The next phase is to fit the Support Base, firstly screw a Nut onto each of the Screwed Rods and add a Washer before positioning the Base which is again held in place with a Washer and Nut.
These form the Height Adjustment and Leveling of the Trap to suit the Tool being used in the Tool Bar and in the typical position you should have approximately 50mm [2"] of Screwed Rod protruding below the Support Base.
|Here you can
see the final assembly complete with the Support Leg fitted which is
used to stabalise the Trap when used at the extreme limit of its
adjustment off of the Lathe.
The addition of the Plastic Hose is two fold, firstly it prevents Wood Dust from clogging up the Thread, and also protects your Knuckles.
I used short lengths of Garden Hose which allows for some slight adjustment, although recently I did find a Concertina Type Hose in a Auto Shop which would be even better.
As explained in part I of this article my preferred position for my System is with the Lathe Headstock off set by 15°, at this point the Trap Assembly was subject to the maximum overhang from the Lathe Bed and if you pushed downward on the end of the Trap the Lathe Bed would Flex.
My solution was to make Stabalising Support Leg which would overcome the problem.
Set the System up at its extreme overhang and then measure from the bottom of the Lowest Nut to the Floor.
This will be the Length of Support Leg you will need but not forgetting to allow for Fitting the Leg and for Adjustment to overcome variations in the Floor Level, if you could see my Workshop Floor you would understand the importance of this.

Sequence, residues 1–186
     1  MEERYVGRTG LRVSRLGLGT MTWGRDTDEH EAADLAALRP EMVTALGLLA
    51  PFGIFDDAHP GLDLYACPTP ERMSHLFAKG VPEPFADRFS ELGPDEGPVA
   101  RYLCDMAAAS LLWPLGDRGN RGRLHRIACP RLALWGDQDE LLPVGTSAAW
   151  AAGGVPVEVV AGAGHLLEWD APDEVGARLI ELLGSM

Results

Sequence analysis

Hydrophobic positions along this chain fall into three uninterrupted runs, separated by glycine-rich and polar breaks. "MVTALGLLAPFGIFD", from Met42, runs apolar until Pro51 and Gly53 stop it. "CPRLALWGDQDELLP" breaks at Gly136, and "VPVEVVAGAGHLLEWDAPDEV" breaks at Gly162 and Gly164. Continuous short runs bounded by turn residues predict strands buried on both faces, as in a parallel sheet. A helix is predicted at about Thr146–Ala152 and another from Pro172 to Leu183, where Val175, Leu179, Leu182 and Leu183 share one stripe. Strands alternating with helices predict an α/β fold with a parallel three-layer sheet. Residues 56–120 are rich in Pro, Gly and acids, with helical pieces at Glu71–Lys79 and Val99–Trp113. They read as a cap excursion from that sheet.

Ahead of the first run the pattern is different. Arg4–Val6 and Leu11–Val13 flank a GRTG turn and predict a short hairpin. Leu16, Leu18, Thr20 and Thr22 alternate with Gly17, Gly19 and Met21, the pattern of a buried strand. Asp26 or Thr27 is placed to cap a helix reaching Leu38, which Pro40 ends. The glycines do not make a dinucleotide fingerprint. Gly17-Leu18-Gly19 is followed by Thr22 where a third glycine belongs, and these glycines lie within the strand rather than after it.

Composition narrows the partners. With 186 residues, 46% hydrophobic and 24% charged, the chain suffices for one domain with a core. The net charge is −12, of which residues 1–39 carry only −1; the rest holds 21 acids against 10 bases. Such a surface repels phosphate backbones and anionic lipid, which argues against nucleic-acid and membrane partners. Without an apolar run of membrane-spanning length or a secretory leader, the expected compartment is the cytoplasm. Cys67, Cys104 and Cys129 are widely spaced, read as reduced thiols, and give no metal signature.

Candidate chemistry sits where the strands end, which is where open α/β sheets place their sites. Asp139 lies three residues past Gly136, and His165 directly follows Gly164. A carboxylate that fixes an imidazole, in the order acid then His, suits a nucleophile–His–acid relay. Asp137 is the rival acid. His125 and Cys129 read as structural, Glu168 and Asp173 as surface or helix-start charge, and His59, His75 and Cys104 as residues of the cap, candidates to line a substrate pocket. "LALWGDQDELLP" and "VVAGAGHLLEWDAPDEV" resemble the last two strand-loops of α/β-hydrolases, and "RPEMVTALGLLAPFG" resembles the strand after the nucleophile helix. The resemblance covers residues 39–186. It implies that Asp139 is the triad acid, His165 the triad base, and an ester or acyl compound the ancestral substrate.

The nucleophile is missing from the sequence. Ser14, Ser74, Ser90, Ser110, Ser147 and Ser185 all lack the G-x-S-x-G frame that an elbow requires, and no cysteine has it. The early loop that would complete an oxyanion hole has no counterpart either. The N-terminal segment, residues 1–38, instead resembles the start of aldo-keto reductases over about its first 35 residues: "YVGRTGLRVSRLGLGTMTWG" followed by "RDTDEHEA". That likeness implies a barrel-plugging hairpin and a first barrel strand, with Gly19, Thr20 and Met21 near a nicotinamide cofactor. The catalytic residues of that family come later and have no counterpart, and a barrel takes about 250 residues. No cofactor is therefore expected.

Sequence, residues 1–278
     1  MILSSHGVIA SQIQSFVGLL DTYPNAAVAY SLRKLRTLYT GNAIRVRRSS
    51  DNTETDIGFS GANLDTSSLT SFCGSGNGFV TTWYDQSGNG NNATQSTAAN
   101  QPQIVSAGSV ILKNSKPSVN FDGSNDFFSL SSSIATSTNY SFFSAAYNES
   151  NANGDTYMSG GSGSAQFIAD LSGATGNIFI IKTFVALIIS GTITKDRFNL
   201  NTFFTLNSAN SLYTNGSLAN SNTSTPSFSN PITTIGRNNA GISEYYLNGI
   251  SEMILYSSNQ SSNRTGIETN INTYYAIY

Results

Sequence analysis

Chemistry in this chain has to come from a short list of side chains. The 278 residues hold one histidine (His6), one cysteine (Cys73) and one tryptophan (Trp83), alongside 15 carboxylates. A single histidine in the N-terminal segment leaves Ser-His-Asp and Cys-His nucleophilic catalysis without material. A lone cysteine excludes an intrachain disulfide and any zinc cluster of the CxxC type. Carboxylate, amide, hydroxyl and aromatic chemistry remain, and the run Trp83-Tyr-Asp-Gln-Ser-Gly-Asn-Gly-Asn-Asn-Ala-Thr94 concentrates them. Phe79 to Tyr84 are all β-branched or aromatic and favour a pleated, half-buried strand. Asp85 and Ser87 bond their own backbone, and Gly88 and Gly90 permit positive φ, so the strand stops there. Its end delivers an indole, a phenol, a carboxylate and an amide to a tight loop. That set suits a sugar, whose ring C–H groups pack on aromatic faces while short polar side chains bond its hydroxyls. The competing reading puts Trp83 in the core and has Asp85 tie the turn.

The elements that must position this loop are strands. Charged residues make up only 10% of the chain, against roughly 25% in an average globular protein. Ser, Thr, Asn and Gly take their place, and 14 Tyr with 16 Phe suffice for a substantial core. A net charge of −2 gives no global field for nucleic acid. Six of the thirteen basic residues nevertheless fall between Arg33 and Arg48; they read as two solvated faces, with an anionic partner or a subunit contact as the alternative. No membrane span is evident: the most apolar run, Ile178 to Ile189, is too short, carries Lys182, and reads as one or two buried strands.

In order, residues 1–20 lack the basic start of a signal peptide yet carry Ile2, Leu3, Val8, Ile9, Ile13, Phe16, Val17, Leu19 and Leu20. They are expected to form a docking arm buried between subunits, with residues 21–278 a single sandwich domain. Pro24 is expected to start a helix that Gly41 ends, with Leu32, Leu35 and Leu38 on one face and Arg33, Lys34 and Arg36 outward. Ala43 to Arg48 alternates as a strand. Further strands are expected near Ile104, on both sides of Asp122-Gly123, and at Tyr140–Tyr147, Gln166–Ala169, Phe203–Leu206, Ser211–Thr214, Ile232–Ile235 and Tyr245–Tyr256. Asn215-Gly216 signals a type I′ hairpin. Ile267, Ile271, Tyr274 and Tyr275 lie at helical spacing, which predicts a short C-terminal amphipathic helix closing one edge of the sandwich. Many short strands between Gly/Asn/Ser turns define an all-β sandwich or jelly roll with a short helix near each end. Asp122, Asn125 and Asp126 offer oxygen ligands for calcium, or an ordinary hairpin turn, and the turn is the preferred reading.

I used a Length of 1" Ø
Steel Tube, on each end I Silver Soldered a M12 Nut and Washer one for attaching to
the Trap and the other was for an Adjusting Set Bolt, generally as shown
below, for leveling up when required.
The Dimensions in the sketch above are for my set up and therefore are given as "Typical" only, the Set Bolt is screwed right in so that the Leg can be screwed onto the Trap once it is fitted to the Lathe, the Bolt is then screwed out until it reaches the Support Surface i.e. the Floor.
I have a Concrete Floor, but if you have a Suspended or Wooden Floor you may benefit from using a load spreader between the Bolt Head and the Floor this could be either a Steel Plate or even a Hardwood Block, this should be preferably fixed to the Bold Head in some way just to ensure when you inevitably "Kick It" it does not move.
That just leaves the Clamp Mechanism for clamping the Trap Assembly to the Lathe Bed, I used the same principle as the Cross Slide/Banjo for my Lathe, the principle of which is shown in the sketch above and the photo below.
|For the Top and
Bottom Locators I used Nylon Bar this material can be easily Turned,
using Normal Woodturning Tools, the upper one has a diameter to suit the
distance between the Base Bars of the Trap and the lower one has a
diameter suitable for the space between the Lathe Bed [Ways], the Spring
is optional but it does allow you to make any adjustments with ease and
The bottom Locator and Clamping Plate/Washer are clamped together using M12 Nuts and locked in place with a few drops of Screw Lock, a Washer for the Spring to sit on is also required.
The Loosening and Tightening is via the Top Nut, or Machine Handle if used, I found this to be the better option as access to the underside in certain positions can be restricted.
The Clamp Mechanism with M12 Nut as the Tightening method later replaced with the M12 Machine Lever Handle.
Part I of this Article.
Part III of this Article.
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Last update 19 July 2007